Dec 5, 2011

Make savings for your child's college education

Nearly every parent dreams of being able to send their child to college and being able to pay for it. The challenge of saving for a college education can seem like a nightmare to many, but it doesn’t have to be. There are some strategies every parent should keep in mind as they try to save for their child’s education.

Getting started

The sooner the saving begins the better, though it’s never too late to get started.

* Advice – The first step should be to meet with a financial advisor to discuss options and the particular situation.

* Make an estimate – Research possible universities the child may attend and get an idea on how much tuition will cost in the future. This will allow a savings goal to be established.

* Contributions – Make it a point to save money with every paycheck. The easiest way is to arrange for an automatic deposit so the temptation to spend it before saving won’t be there. In addition, the contribution amount should be increased each year.

* Get help – Encourage the child to contribute to the college savings once they are old enough to get a part-time or summer job. Agree to match their contributions if possible. Ask relatives to consider donating to the fund during birthdays and holidays.

The plans

Simply saving money won’t help if it’s not saved in the right way. There are a variety of options available and each should be investigated.

* Normal savings – Using a bank savings account will help and may need to be part of any plan but it won’t likely make enough money on its own to cover all of the tuition. Interest rates on savings accounts are low, especially these days, and funds will not accumulate fast enough.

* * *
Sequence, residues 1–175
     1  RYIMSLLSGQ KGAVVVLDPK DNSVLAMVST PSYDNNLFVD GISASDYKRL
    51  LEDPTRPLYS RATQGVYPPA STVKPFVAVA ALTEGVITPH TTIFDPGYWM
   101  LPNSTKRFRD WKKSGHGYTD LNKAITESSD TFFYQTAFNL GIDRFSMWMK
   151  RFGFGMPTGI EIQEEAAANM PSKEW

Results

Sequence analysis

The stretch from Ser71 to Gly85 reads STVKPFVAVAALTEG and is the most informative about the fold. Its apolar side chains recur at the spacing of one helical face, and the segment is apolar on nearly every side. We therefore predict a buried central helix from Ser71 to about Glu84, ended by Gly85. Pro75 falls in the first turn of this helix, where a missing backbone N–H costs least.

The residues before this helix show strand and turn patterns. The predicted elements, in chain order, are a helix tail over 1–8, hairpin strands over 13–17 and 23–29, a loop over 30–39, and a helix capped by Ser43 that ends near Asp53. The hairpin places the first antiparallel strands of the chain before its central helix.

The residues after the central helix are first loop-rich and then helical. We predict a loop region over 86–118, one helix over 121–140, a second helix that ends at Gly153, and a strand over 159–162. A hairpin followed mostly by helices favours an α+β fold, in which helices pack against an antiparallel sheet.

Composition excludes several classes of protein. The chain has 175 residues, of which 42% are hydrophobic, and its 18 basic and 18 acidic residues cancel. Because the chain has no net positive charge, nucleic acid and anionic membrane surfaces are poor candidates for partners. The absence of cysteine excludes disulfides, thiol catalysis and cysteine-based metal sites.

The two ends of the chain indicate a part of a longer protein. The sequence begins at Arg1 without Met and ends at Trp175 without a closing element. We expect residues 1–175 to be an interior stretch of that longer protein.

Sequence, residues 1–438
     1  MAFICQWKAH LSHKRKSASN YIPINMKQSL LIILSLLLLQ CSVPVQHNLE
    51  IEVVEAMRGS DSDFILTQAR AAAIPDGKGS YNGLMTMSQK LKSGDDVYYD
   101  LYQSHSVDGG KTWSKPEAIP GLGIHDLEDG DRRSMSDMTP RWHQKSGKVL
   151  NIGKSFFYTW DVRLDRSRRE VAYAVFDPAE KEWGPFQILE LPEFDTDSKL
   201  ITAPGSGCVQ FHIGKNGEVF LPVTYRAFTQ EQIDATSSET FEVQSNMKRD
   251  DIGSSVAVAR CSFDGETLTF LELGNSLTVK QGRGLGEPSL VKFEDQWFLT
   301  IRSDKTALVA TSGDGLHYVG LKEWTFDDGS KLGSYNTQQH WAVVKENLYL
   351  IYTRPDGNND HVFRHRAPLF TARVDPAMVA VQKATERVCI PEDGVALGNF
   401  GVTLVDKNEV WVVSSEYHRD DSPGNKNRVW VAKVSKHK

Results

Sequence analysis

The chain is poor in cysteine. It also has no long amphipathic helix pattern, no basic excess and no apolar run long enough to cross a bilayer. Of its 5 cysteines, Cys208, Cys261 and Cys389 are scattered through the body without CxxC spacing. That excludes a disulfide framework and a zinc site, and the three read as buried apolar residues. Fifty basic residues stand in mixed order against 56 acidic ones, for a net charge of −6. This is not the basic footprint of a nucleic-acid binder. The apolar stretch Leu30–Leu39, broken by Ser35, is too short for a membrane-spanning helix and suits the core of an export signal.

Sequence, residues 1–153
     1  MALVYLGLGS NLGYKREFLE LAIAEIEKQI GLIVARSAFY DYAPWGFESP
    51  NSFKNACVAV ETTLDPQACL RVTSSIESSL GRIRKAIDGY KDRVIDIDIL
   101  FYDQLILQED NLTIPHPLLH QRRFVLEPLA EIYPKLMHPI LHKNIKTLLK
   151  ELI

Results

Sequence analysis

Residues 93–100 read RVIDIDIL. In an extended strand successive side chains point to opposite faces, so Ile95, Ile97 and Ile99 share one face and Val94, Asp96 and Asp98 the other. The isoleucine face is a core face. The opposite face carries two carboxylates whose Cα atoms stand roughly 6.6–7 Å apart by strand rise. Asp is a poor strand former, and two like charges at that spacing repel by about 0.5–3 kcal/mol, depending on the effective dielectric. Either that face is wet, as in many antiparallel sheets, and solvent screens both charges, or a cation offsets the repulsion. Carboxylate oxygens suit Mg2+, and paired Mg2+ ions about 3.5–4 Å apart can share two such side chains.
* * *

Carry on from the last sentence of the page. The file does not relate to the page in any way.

* Educational savings – Many states sponsor plans called 529s, which come in two varieties. The first is a savings account in which money is deposited into an account similar to a 401(k) that is managed by an investment company. The beneficiary for maintaining overall control and can tell the investment company how the funds should be invested. The benefit of this plan is that the withdrawals are tax free as long as they go toward an educational purpose. The other version of a 529 requires a contract between the beneficiary and participating schools. The contract states the parents or student will make specific contributions into an account and when it comes time for college the school agrees tuition will be covered by the account. This allows for a future education to be paid for at today’s rates.

Whenever the decision is made to start saving for a college education the best thing to do is come up with a plan, which should include how much money will be needed and how it will be saved. Once that’s done, the saving will pretty much take care of itself, allowing parents to enjoy the satisfaction of securing their child’s educational future.

About our guest author: Katherine Watkins writes for a website that provides information about home equity loans, which is one way for parents to find extra cash to pay college fees.

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